By Bryan Jenkins

WaterGovernanceWaiology2013In her work that won her the 2009 Nobel Prize in economics, Elinor Ostrom identified three types of governance models for common pool resources like water. One is the “Leviathan model” where there is direct government provision of services with integration of policy making and operational functions. The second is the “privatisation model” where there is private sector provision of services with government role as regulator. The third is the self-governing community model where there is community determination of resource management requirements.

We have seen the evolution of these different models in western countries. After WW2, the welfare state was the dominant approach of government. In relation to water management in NZ, the Ministry of Works had the prime responsibility for water management – a classic example of a Leviathan governance model. In the 1980s there was a shift to the neoliberal concept of the private sector being responsible for service provision and that the government’s role was that of regulator.

The Resource Management Act reflects this privatisation model. The RMA was designed on the premise that private interests know best what they want. Thus the responsibility for defining proposals was left to applicants. The RMA was also designed on the basis of “effects management”: applicants’ choices would be constrained by bottom lines set by government with legal oversight (i.e. the Environment Court). Consents for water use are issued as a form of private property right.

However, when sustainability limits are reached for common pool resources like water, it is not sufficient to rely on individual proposals for water use. This is because individual and collective preferences diverge – the basis for a “tragedy of the commons”. But Ostrom’s work indicates that the self-governing community model can achieve sustainable management of common pool resources. This led the Canterbury Regional Council to adopt collaborative governance approaches to the development of the Canterbury Water Management Strategy (CWMS) and to the formulation of programmes to implement the strategy.

There is not one institutional design for a self managed community approach. Rather there is a set of principles that need to be met. In Canterbury there have been different institutional designs for the development of the CWMS compared to formulating implementation programmes. The CWMS was built around a public and stakeholder engagement process overseen by a multi-stakeholder Steering Group of water interests and reporting to the Canterbury Mayoral Forum. It identified that “business as usual” was not sustainable and that it was only possible to achieve sustainable development by considering existing uses of water as well as new uses and projects. There was no capacity for further water development unless the cumulative effects of existing use were reduced.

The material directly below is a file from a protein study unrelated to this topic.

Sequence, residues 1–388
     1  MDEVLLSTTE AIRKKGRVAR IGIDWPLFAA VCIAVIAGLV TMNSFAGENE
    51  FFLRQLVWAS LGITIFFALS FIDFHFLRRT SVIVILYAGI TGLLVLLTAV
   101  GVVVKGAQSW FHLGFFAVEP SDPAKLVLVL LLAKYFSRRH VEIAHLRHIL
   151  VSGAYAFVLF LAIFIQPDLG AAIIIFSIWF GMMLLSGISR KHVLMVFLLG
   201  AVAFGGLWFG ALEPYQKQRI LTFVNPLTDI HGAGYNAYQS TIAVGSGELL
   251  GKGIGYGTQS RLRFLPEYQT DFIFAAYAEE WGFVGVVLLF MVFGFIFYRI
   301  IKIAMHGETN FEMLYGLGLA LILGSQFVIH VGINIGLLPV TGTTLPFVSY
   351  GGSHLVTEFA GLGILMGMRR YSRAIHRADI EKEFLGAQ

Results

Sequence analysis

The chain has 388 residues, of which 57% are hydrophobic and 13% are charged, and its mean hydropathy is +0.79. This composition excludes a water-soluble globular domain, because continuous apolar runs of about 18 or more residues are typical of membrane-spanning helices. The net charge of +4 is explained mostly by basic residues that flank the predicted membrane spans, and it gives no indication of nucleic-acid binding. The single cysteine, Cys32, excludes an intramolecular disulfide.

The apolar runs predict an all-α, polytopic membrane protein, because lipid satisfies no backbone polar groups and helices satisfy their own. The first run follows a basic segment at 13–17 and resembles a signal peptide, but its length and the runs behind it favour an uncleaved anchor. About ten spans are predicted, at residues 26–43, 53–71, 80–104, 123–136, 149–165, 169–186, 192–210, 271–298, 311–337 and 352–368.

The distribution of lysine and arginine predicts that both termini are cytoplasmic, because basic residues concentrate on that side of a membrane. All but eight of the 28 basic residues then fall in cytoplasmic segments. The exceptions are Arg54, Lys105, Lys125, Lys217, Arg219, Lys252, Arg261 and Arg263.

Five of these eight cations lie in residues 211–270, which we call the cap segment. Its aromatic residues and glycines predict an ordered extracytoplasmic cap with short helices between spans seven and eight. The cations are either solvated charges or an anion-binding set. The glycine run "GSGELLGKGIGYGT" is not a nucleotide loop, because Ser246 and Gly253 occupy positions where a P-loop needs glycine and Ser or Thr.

This led to the formulation of implementation programmes for 10 zones within Canterbury for catchment based issues (Zone Implementation Programmes – ZIPs) and a Regional Implementation Programme (RIP) for regional issues. Zone Committees were established with community, runanga and local authority members. The Regional Committee has a representative of each zone, community members, runanga and Ngai Tahu representatives, and local authority representatives and an independent chair. The RIP and ZIPs are work-in-progress but there are encouraging signs of more sustainable forms of storage (e.g. the selection of the Waitohi storage as an alternative to the controversial dam on the Hurunui South Branch and control gates on Lake Sumner) and the setting of catchment nutrient limits that are in some cases below current levels of nutrient generation.

The outcome of the CWMS was given statutory backing through the recent Canterbury Regional Policy Statement while the process of giving statutory backing to the RIP and ZIPs through the Land and Water Plan is well advanced.

Collaborative governance has created a new water management paradigm in Canterbury. Collaborative approaches have been endorsed by the Land and Water Forum and in the recent government freshwater reform proposals.

However this governance approach is still in its formative phase and the real test will come with on-the-ground implementation. This is likely to require a different institutional design to strategy development and implementation programme formulation. New Zealand models of collaborative governance need to incorporate treaty partnership approaches with community decision making approaches. There is also the issue of the governance of the regional council. In Canterbury, the collaborative concepts were developed under an elected council and are being implemented by the temporary commissioners but the long term governance arrangements are unclear.

Ostrom E (1990) Governing the Commons: The Evolution of Institutions for Collective Action. Cambridge University Press: Cambridge.

Dr Bryan Jenkins is Professor of Strategic Water Management in the Waterways Centre for Freshwater Management, a joint centre between Canterbury and Lincoln Universities.